'It was deeply personal': Why context matters in Supreme Court case on Trump, Colorado presidential ballot

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Posted at 9:37 AM, Jan 17, 2024
and last updated 2024-01-18 09:48:04-05
  • The Supreme Court will hear arguments on the Colorado Supreme Court's decision to leave Donald Trump off the 2024 presidential ballot.
  • Law experts say there is little precedent to lean on, but plenty of context.
  • Hearings begin February 8th, less than a month before Colorado's presidential primary.

The Supreme Court is called “The High Court” for a reason. Once a case makes it there— it’s decided.

That’s why its choice to hear arguments on a case that would ban Donald Trump from the 2024 presidential ballot in Colorado will have such a huge impact.

The Colorado Supreme Court says the former president should be disqualified based on Section Three of the 14th Amendment to the U.S. Constitution. That section states

“No person shall be a Senator or Representative in Congress, or elector of President and Vice-President, or hold any office, civil or military, under the United States, or under any State, who, having previously taken an oath, as a member of Congress, or as an officer of the United States, or as a member of any State legislature, or as an executive or judicial officer of any State, to support the Constitution of the United States, shall have engaged in insurrection or rebellion against the same, or given aid or comfort to the enemies thereof. But Congress may by a vote of two-thirds of each House, remove such disability.”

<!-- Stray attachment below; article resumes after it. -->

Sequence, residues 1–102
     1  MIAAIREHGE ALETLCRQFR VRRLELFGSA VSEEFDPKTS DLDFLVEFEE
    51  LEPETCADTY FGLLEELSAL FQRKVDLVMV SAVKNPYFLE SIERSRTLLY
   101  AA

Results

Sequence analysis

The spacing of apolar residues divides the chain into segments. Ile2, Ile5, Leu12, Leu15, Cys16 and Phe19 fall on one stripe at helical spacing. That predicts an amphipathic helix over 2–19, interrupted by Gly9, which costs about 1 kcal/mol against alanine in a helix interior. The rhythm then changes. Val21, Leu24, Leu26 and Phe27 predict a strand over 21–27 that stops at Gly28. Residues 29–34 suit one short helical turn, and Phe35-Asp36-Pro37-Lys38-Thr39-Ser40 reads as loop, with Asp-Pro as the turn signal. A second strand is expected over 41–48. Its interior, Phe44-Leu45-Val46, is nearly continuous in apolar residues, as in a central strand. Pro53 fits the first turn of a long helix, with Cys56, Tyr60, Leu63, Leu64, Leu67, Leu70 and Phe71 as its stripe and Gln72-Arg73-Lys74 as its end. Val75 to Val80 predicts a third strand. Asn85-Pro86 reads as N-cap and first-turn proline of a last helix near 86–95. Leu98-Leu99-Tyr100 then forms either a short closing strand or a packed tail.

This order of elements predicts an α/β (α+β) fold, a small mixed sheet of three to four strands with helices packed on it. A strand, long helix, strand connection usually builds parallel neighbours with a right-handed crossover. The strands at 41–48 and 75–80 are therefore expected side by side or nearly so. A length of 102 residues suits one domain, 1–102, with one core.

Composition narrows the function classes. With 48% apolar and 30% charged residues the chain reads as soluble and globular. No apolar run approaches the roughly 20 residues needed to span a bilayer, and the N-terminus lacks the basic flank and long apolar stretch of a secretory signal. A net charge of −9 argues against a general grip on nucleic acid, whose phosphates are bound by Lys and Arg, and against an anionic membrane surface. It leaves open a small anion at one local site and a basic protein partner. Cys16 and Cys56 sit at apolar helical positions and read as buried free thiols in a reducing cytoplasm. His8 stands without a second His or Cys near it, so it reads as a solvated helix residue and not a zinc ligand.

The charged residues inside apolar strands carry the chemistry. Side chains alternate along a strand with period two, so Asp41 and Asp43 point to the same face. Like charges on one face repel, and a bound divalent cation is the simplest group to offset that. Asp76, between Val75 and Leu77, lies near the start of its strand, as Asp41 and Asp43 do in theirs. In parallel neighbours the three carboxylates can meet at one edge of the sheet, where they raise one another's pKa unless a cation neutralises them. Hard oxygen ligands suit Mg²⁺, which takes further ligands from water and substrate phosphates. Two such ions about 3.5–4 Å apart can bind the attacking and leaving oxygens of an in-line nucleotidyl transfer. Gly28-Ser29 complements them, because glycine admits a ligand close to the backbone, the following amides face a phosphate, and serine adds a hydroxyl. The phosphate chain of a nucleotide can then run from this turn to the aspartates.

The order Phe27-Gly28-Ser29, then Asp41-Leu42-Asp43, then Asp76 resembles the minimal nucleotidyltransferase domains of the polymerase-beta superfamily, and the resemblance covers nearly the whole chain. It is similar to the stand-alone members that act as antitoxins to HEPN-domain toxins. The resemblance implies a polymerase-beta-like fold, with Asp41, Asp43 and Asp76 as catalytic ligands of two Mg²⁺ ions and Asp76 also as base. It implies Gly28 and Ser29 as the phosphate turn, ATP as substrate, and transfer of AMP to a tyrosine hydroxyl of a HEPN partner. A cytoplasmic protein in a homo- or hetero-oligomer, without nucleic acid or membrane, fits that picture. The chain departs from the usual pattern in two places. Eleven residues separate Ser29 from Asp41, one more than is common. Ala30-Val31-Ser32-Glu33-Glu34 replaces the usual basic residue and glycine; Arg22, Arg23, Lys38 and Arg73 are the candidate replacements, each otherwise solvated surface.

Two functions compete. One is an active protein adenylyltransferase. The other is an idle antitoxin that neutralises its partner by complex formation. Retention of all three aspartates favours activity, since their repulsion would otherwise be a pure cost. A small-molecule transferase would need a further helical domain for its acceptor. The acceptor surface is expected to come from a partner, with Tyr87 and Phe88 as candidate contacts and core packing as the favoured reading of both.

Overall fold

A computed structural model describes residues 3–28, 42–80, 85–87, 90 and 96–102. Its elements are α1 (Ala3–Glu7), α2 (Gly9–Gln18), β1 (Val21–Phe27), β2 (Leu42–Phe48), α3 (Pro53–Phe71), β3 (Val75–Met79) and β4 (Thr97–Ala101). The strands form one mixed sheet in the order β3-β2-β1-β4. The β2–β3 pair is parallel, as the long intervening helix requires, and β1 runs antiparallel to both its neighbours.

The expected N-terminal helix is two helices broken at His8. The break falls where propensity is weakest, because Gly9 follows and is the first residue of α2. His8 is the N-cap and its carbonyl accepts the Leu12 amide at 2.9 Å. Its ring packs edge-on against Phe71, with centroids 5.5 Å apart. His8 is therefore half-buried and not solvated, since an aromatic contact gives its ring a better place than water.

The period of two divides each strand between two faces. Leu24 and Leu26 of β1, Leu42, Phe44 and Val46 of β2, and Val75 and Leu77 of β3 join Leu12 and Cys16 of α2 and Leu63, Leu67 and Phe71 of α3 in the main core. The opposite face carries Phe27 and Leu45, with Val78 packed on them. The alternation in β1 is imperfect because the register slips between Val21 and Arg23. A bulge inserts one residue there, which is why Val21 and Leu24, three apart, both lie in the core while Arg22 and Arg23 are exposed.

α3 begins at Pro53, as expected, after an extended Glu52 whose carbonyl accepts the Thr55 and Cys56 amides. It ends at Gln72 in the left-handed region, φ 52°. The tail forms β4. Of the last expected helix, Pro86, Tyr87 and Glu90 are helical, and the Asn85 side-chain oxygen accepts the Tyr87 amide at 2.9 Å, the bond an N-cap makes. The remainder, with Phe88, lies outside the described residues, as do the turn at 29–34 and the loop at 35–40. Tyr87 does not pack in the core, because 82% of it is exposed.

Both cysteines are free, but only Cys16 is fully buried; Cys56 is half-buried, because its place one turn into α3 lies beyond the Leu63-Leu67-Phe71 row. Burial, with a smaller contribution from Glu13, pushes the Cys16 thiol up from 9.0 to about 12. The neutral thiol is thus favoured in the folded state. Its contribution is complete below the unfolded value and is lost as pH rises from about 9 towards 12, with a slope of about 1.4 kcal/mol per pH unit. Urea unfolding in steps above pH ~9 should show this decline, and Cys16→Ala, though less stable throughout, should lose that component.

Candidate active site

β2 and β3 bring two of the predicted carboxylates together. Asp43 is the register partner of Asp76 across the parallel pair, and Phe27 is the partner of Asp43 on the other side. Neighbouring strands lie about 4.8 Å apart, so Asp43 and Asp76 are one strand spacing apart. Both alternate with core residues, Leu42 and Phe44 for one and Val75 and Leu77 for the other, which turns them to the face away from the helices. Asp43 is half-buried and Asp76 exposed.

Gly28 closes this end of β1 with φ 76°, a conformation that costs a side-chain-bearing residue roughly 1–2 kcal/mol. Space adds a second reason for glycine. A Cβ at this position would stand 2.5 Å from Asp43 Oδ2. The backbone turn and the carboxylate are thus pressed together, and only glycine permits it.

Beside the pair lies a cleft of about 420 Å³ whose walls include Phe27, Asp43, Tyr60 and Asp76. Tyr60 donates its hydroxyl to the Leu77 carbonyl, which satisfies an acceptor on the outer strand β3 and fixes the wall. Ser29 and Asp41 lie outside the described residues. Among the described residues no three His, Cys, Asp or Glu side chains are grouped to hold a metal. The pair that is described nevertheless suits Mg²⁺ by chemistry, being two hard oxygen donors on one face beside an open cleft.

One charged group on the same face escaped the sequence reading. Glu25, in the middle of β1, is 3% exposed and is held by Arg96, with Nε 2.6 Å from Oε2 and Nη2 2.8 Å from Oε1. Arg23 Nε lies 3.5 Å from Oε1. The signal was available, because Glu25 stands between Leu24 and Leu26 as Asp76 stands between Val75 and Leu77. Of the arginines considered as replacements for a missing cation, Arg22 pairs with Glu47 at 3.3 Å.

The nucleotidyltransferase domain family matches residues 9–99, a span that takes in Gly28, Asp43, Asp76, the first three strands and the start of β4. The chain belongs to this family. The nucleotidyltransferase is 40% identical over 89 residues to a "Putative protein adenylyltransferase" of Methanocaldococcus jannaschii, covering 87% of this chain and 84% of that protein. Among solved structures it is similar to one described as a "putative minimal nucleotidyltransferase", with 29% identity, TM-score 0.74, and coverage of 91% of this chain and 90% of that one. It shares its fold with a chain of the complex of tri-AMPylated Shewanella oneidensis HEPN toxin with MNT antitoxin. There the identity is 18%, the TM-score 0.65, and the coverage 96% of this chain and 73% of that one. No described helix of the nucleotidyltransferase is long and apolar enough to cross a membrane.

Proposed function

In short, if you held office and participated in an insurrection, or supported those who did, you can’t hold public office again.

But it’s not that simple. There’s a lot left up to interpretation.

One of the points up for argument: is the president considered “an officer of the United States” or not? We know the president is not any of the other titles cited in the section— why wouldn’t the authors be explicit? Would they not be wary of the president’s power, considering they’re less than a century removed from fighting so hard to get out from under a monarchy? Of course, all of these questions are partially why lawyers have jobs.

Another point some argue: do the events of January 6th, 2021 qualify as an insurrection? While it was shocking for many modern-day Americans, congressmen from the 1860s may not have been so surprised to see it.

Dr. Michele Goodwin is the O’Neill Professor of Constitutional Law and Global Health Policy at Georgetown. She says Section Three isn’t a “random piece of law” that was thrown into the 14th Amendment, but rather, a forecast from Congress at the time.

“Here's the relevance of understanding its historical foundations: it's because members of Congress personally experienced the violence themselves and the threats themselves,” Goodwin said. “This is why it's embedded there. It's not abstract.”

Goodwin points to what’s been named the “Caning of Charles Sumner” – when a representative from South Carolina beat a Senator nearly to death inside the U.S. Capitol.

Temperatures and tensions were both high— it was 90 degrees inside the Old Senate Chamber in May of 1856. Senator Sumner, a staunch abolitionist of Massachusetts, gave a speech where he called out other members of Congress by name for their hypocrisy on slavery. One of those was Senator Andrew Butler of South Carolina. Butler wasn’t there that day, but his relative worked down the hall in the House of Representatives. In the days following his speech, Representative Preston Brooks stormed into the Senate Chamber and beat Sumner with a metal cane… bringing him within inches of death.